People v. EvansAnnotate this Case
THE PEOPLE, Respondent, v. GEORGE EVANS, Appellant.
George Evans, in pro. per., for Appellant.
Stanley Mosk, Attorney General, Arlo E. Smith and Edward P. O'Brien, Deputy Attorneys General, for Respondent.
KAUFMAN, P. J.
Appellant, in propria persona, appeals from an order denying his motion to withdraw a former plea of guilty. He argues that his motion should have been granted [185 Cal. App. 2d 333] because: (1) His plea was induced by fraud and coercion; (2) certain evidence was improperly introduced at the preliminary hearing; (3) the prior conviction charged in the information is not true. There is no merit in any of these contentions.
The record reveals that the appellant was charged by information with a violation of section 11500 of the Health and Safety Code and with a prior conviction for a misdemeanor, violation of section 11500 of the Health and Safety Code. On November 19, 1958, appellant pleaded guilty to the charges of the information. On December 15, 1958, he was sentenced to the state prison for the term prescribed by law. No appeal was taken from the judgment. In April, 1960, defendant filed his motion in the superior court to withdraw his former plea of guilty. This appeal is from the order denying this motion.
 Appellant's motion is in the nature of and subject to the rulings governing an application for a writ of error coram nobis. (People v. Adams, 100 Cal. App. 2d 841 [224 P.2d 873]; People v. Schwarz, 201 Cal. 309 [267 P. 71].)  The purpose of the writ is to secure relief where no other remedy exists from a judgment rendered while there existed some fact which would have prevented its rendition if the trial court had known it and which, through no negligence or fault of the defendant, was not then known to the court. (People v. Adamson, 34 Cal. 2d 320 [210 P.2d 13].)  The applicant for a writ must show that the facts on which he relies were not known to him and could not in the exercise of due diligence have been discovered by him at any time substantially earlier than the time of his motion for a writ. (People v. Adamson, supra.) All of the grounds upon which the appellant here relies for relief are matters which were known to him at the time of the trial. Thus, his failure to show diligence alone in seeking the relief requested warranted and required that the trial court deny the motion.  Mere allegations of ultimate facts or conclusions are not sufficient. (People v. Reeg, 153 Cal. App. 2d 97 [314 P.2d 52].)  In the absence of affidavits or other evidence, the trial court was not required to accept as true the allegations of defendant's petition, even though the petition is verified and uncontradicted. (People v. Muhlenbroich, 137 Cal. App. 2d 745 [291 P.2d 45].)  The granting of a writ of error coram nobis is completely discretionary and no showing has been made in the instant case of an abuse of discretion. We could affirm the order appealed from on this ground alone, but deem it our duty, particularly [185 Cal. App. 2d 334] since this appeal is in propria persona, to briefly dispose of every contention raised.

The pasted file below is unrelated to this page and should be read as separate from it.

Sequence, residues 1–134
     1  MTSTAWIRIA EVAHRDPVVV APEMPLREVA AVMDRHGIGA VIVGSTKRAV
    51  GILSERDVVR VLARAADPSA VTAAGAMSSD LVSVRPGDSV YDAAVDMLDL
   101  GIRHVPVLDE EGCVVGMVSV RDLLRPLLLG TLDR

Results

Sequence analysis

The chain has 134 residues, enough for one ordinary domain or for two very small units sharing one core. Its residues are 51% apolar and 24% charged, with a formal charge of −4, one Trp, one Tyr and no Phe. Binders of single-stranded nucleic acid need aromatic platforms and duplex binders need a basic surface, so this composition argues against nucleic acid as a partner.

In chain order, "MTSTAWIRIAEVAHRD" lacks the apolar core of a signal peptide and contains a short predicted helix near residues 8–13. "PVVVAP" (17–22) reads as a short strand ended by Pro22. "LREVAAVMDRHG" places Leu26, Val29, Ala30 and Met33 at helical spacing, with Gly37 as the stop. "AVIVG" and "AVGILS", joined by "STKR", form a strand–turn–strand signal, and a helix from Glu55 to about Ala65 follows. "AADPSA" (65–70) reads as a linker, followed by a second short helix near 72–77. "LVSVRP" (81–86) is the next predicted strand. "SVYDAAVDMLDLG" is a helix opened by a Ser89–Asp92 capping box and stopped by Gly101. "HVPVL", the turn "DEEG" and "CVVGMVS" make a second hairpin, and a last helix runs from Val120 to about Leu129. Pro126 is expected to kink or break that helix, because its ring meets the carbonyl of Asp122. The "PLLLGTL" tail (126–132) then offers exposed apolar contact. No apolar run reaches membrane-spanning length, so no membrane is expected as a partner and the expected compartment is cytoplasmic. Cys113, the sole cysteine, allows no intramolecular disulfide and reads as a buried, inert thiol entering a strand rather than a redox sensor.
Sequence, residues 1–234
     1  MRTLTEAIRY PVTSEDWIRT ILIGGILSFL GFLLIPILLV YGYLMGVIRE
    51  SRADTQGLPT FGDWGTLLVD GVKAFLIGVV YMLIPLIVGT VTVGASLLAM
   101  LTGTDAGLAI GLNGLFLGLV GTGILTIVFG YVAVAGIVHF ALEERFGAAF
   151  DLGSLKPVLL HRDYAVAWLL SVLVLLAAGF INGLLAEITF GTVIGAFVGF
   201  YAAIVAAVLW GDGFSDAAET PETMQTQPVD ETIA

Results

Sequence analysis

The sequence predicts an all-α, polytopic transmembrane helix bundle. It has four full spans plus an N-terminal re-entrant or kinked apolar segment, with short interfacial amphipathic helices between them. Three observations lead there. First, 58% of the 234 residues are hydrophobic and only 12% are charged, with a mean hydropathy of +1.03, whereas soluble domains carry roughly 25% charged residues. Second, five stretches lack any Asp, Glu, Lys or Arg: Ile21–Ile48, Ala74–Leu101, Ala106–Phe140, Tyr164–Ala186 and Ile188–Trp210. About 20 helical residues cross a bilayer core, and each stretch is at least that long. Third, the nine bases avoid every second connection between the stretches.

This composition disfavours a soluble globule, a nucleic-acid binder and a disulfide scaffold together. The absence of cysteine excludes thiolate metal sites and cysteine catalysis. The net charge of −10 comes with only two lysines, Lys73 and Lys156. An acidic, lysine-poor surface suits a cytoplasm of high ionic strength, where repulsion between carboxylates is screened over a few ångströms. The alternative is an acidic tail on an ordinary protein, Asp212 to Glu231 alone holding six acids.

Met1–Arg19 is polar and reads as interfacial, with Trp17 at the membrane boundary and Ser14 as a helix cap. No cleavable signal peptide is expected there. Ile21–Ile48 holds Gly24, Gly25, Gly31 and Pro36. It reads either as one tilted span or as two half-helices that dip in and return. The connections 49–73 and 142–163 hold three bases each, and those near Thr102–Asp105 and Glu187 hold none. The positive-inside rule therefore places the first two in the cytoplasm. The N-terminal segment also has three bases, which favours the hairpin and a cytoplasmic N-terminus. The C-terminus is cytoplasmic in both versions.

Appellant argues that through the false representation of his counsel that he would not be sentenced to a term in the state prison, he was induced to enter a plea of guilty.  However, the mere advice and persuasion by defendant's own attorney will not suffice to vitiate the plea. (People v. Gilbert, 25 Cal. 2d 422 [154 P.2d 657].)  A defendant in pleading guilty under the advice of his own attorney admits every element of the offense charged and this constitutes a conclusive admission of guilt. (People v. Cooper, 123 Cal. App. 2d 353 [266 P.2d 566].)  Where a defendant relies upon some representation or promise relating to the consequences of a change of plea such as probation or a light sentence, he cannot prevail unless it appears that the district attorney or other prosecuting official was a party to it. (People v. Grgurevich, 153 Cal. App. 2d 806 [315 P.2d 391].)
 Appellant next argues that the prior conviction is not true and that, therefore, the sentence is not valid because of the additional time imposed by the nonexistent prior conviction. There is no merit in this argument as his admission is conclusive of the validity of such conviction (Pen. Code, § 1025; People v. Cooper, 123 Cal. App. 2d 353 [266 P.2d 566]), and the prosecution has no additional burden of proof in this respect. (People v. Tahtinen, 50 Cal. 2d 127 [323 P.2d 442].)
 The final argument relates to the erroneous admission of certain evidence at the preliminary hearing. However, defendant has waived any objection by his failure to previously move to quash the information under section 995 of the Penal Code. (In re Berry, 43 Cal. 2d 838 [279 P.2d 18].)
Draper, J., and Shoemaker, J., concurred.